a leader at QB

Published 12:00 am Thursday, October 10, 2013

KANNAPOLIS — A.L. Brown head coach Mike Newsome reached back just a few years in NFL history and compared his current quarterback Andrew Ramirez to former Carolina Panthers signal-caller Jake Delhomme.
Jake Delhomme? Ramirez probably would prefer Joe Montana, but Newsome sticks with Delhomme.
“I kind of compare him to Delhomme because Andrew is a good leader doing a good job,” Newsome said. “He’s not the most gifted runner nor the most prolific passer, but he knows our offense inside and out.”
Ramirez became the Wonders’ starting quarterback earlier than expected when Kenan Medley was hurt in the eighth game of the 2012 season against Mount Pleasant.
“At that point, I knew I had to flip the switch and lead the team,” Ramirez said. “I have a very deep faith. That helped me get the job done.”
Ramirez stepped in and produced 1,000 aerial yards in his partial season, shining especially in a 41-34 overtime win against North Forsyth in the first round of the 3AA playoffs. His stats looked more like Cam Newton’s than Delhomme’s in that one — 20-for-28 for 301 yards and three TDs.
“Andrew came in when Medley got hurt, and all he did last year was win games for us — against really good opponents,” Newsome said. “People like to look at stats, and Andrew won’t always have huge stats, but he wins games.”
That’s continued in Ramirez’s senior year. He was a combined 17-for-24 passing in wins against strong 3A Weddington and 4A Berry. After managing a solid win over 4A North Meck, he turned in his strongest game of the year in last Friday’s 55-40 victory at Charlotte Vance.
Vance was the most talented 4A team the Wonders (5-1, 2-0 MECKA) have played to this point.
“People thinking Vance wasn’t what it was cracked up to be are off base,” longtime assistant coach Todd Hagler said. “Vance was as advertised. They were huge. They were fast. They were talented. Fortunately, Vance is young, and our guys played well.”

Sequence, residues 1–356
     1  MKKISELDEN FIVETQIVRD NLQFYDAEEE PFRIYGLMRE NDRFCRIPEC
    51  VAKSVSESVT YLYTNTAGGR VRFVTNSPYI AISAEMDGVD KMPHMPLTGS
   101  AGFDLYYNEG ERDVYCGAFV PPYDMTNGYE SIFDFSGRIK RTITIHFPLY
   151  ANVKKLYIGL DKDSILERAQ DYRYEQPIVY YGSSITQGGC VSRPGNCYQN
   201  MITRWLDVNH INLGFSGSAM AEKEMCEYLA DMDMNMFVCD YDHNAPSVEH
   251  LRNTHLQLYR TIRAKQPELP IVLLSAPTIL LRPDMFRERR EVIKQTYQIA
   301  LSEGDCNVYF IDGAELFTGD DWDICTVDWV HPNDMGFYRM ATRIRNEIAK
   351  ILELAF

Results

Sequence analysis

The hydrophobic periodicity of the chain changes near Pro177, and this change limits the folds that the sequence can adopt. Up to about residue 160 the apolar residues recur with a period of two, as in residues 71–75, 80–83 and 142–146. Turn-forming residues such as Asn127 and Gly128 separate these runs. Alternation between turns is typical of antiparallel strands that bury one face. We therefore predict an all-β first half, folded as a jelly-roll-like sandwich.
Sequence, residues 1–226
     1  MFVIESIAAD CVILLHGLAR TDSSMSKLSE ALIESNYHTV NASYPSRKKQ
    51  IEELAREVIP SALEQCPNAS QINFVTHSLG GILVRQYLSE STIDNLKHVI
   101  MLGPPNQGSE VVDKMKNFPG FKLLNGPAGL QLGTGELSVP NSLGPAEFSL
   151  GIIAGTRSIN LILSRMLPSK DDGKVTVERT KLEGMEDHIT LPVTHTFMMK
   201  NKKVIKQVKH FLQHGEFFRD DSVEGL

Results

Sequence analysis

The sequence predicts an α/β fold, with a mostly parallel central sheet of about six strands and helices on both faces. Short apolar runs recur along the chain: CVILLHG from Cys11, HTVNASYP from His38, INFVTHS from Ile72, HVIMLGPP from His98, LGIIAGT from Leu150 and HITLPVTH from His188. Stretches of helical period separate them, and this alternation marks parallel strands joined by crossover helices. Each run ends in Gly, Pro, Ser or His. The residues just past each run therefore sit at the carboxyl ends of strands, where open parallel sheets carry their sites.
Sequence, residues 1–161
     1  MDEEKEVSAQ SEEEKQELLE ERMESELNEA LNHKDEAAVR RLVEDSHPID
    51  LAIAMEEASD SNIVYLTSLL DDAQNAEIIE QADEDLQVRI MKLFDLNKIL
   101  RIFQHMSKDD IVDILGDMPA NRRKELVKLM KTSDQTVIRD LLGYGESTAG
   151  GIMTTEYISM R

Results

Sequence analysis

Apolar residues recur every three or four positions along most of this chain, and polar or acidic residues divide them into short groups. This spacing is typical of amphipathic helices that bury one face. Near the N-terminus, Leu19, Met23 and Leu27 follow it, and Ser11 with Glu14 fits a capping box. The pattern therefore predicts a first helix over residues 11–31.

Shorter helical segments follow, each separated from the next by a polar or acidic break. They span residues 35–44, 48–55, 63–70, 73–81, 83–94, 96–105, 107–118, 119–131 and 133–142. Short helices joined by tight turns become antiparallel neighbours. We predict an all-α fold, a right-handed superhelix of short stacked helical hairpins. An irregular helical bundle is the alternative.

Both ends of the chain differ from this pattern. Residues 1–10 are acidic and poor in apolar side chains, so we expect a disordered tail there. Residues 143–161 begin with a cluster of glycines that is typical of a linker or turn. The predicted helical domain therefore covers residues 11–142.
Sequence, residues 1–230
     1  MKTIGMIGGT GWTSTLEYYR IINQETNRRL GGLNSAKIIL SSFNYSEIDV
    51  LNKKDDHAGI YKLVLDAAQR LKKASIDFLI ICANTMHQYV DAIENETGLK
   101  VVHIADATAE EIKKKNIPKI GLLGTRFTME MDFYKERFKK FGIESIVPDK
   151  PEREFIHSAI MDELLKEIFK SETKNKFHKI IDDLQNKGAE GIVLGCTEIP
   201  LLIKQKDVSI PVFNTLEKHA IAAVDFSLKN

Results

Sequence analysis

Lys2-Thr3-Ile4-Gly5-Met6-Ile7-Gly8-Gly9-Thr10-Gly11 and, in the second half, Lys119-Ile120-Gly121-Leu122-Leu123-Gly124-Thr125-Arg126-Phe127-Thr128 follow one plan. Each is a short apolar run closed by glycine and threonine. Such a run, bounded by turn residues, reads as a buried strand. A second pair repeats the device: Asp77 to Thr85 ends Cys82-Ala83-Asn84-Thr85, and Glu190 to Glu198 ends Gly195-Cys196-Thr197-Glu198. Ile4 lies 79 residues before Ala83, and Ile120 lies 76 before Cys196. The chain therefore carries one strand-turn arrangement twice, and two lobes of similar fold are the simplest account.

Ramirez, the Wonders’ offensive player of the week, had as much to do with Friday’s victory as anyone. He was 10-for-14 passing for 197 yards and two touchdowns.
“Vance is a very athletic team, and we knew we’d need a really good game from everyone to get a win,” Ramirez said. “We played smart and we played fast on offense. I was so proud of my teammates.”
That answer is typical of Ramirez, who is more comfortable talking about his teammates than himself. Ask him about Friday’s touchdown passes and he gives shoutouts to tight end Jonathan Bryant, who had his first TD reception, and wide receiver Johnny Delahoussaey, who produced his fifth of the season.
Ramirez’s 51-yard connection with Bryant came after the Wonders had fallen behind 7-0 in the opening minutes.
“I just got the ball to Jonathan when he was open, and then he made a really good run with it,” Ramirez said.
A 7-yard pass to Delahoussaey got the Wonders even at 34-all heading into halftime.
“That was on a quick slant,” Ramirez said. “I threw a pretty good ball, but that was mostly just Johnny coming up big again.”
Newsome is the first to admit he holds his quarterbacks to a high standard. It’s paid off. Ramirez, 6 feet, 185 pounds, has completed 55 percent of his passes for 779 yards, and sophomore Damon Johnson has produced four more TD passes on just 13 throws.
“No one here gets gotten on more by me than Andrew,” Newsome said. “But he’s a guy you can coach.”
Ramirez made one serious mistake in Friday’s game.
“I made a real bad read and threw a pick,” Ramirez said. “But I can’t ever hang my head. When I have a bad moment, it’s important that I stay positive. I’ve got teammates looking at me.”
Newsome agreed with that statement.
“When he threw the pick, Andrew comes to the sideline and he already understands the mistake he made,” Newsome said. “He keeps his head, he puts that mistake behind him, and he goes back out there and makes plays to win the ballgame.”
Sort of like Delhomme did in that against-all-odds 2003 season when the Panthers reached the Super Bowl.
“We all realize very tough games are still out there,” Ramirez said. “But I believe in my coaches and I believe in my teammates.”
So far, so good.